I’ve met many church members who no longer trust church leaders. Often that distrust is unjustified, but sometimes it’s valid. If you want to gain and grow your congregation’s trust, here are some ways to do that:
- Keep your word. This one’s really simple – if you do what you say you’ll do, your folks will trust you. Even one time of not keeping your word will cost you.
- Listen well. People know if you’re really listening to them, or if your mind is really someplace else. Focus intently on people who are talking to you, and you’ll gain trust.
- Put your phone away. Similar to #2 above, this strategy means you focus on people rather than tasks. People know you’re not fully engaged when you’re always checking your phone.
- Be genuinely holy in speech. If your talk with filled with sexual innuendos, or if you tend to speak negatively about others, you’ll lose trust – rightly so, in my opinion.
- Don’t talk about yourself. It’s hard to trust someone whose job is to point to God, but who instead points to himself or herself.
- Rejoice publicly over victories. I trust God is doing something good in your congregation. If so, be sure to praise Him publicly. If they see God’s hand through your work, they’ll trust you more.
- Communicate well. Sometimes we lose trust because people hear something different than what we said or intended to say. Take the time to make sure your hearers understand properly. Trust grows when everybody’s on the same page.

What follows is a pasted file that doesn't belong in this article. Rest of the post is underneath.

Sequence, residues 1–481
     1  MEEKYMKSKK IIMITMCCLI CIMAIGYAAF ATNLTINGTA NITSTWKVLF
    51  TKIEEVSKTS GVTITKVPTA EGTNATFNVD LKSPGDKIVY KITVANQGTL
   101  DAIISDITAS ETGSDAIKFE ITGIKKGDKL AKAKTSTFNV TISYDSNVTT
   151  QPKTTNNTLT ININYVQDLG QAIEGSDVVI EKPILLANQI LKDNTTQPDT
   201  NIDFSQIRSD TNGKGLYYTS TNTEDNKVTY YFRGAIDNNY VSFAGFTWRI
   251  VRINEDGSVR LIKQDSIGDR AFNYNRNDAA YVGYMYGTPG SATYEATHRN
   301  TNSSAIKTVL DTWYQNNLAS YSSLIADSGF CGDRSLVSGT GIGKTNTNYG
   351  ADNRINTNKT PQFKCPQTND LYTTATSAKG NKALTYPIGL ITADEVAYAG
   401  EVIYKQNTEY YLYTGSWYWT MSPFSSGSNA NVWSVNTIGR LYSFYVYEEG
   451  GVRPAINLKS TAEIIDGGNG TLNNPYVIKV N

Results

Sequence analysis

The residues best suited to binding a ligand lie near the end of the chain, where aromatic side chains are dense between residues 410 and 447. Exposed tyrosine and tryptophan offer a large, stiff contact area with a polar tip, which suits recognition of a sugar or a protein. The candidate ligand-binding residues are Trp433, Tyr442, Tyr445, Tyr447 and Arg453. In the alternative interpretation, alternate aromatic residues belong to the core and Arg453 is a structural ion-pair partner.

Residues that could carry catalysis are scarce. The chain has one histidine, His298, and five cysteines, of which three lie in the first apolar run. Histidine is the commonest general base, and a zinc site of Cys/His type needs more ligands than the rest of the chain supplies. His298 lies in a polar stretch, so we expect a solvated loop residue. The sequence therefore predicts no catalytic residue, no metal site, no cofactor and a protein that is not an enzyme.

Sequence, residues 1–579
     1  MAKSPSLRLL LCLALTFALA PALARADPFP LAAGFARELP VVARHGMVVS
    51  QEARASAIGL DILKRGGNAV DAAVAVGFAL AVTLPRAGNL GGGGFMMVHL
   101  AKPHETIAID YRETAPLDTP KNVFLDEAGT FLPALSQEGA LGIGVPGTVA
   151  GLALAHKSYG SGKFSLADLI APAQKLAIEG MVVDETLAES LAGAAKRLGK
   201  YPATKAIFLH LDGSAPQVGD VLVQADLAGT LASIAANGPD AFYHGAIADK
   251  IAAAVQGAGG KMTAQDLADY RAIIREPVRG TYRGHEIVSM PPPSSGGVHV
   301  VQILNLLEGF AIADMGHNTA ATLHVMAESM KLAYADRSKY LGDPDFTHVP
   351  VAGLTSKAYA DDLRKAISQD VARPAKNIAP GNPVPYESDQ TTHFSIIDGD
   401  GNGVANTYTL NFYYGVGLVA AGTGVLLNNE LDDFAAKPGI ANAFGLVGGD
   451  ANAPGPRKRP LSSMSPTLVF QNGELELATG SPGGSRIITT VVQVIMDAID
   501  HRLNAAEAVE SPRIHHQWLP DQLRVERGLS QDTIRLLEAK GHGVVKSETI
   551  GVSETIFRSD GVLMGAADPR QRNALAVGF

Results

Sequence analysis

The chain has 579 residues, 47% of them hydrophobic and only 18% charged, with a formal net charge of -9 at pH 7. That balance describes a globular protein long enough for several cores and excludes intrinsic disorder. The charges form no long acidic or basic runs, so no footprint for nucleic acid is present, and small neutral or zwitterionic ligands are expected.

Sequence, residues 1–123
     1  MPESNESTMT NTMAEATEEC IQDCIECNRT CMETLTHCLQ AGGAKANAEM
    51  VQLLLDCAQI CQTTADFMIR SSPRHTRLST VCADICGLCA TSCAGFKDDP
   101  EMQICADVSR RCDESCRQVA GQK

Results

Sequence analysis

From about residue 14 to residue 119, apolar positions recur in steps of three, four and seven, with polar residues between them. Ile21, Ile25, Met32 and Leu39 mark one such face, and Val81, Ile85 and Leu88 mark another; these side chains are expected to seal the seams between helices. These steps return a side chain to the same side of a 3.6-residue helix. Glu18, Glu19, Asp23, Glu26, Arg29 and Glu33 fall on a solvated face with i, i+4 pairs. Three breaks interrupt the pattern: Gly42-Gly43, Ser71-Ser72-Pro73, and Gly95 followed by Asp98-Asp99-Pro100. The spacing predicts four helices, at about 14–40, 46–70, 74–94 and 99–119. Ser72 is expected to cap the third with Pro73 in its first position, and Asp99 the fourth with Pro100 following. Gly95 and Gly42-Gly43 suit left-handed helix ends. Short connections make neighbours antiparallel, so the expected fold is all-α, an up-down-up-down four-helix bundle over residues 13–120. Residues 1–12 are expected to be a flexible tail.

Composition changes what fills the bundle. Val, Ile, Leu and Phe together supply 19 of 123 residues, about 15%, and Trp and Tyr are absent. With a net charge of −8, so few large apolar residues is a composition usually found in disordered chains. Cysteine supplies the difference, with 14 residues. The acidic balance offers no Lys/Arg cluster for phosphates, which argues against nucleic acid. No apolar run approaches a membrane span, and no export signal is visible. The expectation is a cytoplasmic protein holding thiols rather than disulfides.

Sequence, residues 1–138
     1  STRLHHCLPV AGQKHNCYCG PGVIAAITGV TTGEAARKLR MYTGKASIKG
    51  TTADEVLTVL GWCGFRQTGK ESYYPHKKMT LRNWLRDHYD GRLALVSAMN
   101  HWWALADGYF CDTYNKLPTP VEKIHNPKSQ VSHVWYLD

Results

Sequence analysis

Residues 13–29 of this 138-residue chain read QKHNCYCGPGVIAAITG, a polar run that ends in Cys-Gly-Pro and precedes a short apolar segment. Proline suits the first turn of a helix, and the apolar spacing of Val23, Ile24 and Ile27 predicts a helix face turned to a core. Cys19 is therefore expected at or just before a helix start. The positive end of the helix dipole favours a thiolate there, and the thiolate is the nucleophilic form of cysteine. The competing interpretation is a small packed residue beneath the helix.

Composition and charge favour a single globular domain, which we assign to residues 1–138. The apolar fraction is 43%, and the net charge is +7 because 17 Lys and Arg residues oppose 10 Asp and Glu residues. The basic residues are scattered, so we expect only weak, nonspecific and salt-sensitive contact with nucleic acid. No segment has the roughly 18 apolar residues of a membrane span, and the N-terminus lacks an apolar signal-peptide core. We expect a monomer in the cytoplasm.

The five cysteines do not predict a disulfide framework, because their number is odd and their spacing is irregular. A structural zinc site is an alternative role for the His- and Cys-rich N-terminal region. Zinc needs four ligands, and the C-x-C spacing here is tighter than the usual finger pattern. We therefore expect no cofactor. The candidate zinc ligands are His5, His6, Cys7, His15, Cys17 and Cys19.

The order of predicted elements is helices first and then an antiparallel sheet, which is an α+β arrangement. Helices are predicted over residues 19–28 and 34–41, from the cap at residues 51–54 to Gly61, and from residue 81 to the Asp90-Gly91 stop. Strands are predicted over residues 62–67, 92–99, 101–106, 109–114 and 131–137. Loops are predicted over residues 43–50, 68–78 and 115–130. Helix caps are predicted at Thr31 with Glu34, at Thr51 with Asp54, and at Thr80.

- Set and meet short-term goals. With every completed goal comes an increase in trust. Set some achievable goals (e.g., to train 5 leaders in evangelism), and then meet them. Invite your church to join you in rejoicing over each met goal.
- Admit you’re wrong when you are. Sometimes we just mess up. When you do, admit it. Defensiveness will only weaken trust, not grow it.
- Honor others. Most church leaders couldn’t do all they do without the help of others. Love those folks. Celebrate them. Praise them. Others will trust you more when they see your heart for them.
- Genuinely care for people. They’ll know it when you don’t deeply care for them. Why should they trust someone who feigns concern?
- Be willing to say, “I don’t know.” If you don’t know, just say so. You’ll gain trust via your honesty.
What other ways would you add to this list?